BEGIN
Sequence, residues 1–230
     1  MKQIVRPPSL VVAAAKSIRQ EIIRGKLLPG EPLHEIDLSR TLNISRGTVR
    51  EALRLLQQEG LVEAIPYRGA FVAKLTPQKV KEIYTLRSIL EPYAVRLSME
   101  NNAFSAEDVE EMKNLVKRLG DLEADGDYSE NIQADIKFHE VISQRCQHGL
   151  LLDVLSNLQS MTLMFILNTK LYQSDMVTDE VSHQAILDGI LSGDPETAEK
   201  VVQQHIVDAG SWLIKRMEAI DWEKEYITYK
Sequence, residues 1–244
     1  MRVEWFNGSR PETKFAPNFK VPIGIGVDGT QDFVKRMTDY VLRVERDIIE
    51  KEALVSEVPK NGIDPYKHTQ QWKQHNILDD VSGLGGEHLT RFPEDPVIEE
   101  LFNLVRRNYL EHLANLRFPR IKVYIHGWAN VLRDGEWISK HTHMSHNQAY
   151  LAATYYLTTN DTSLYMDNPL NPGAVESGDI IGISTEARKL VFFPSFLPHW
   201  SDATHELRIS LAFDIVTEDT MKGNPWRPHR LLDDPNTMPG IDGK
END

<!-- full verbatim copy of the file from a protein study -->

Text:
Sequence, residues 1–230
     1  MKQIVRPPSL VVAAAKSIRQ EIIRGKLLPG EPLHEIDLSR TLNISRGTVR
    51  EALRLLQQEG LVEAIPYRGA FVAKLTPQKV KEIYTLRSIL EPYAVRLSME
   101  NNAFSAEDVE EMKNLVKRLG DLEADGDYSE NIQADIKFHE VISQRCQHGL
   151  LLDVLSNLQS MTLMFILNTK LYQSDMVTDE VSHQAILDGI LSGDPETAEK
   201  VVQQHIVDAG SWLIKRMEAI DWEKEYITYK
Sequence, residues 1–244
     1  MRVEWFNGSR PETKFAPNFK VPIGIGVDGT QDFVKRMTDY VLRVERDIIE
    51  KEALVSEVPK NGIDPYKHTQ QWKQHNILDD VSGLGGEHLT RFPEDPVIEE
   101  LFNLVRRNYL EHLANLRFPR IKVYIHGWAN VLRDGEWISK HTHMSHNQAY
   151  LAATYYLTTN DTSLYMDNPL NPGAVESGDI IGISTEARKL VFFPSFLPHW
   201  SDATHELRIS LAFDIVTEDT MKGNPWRPHR LLDDPNTMPG IDGK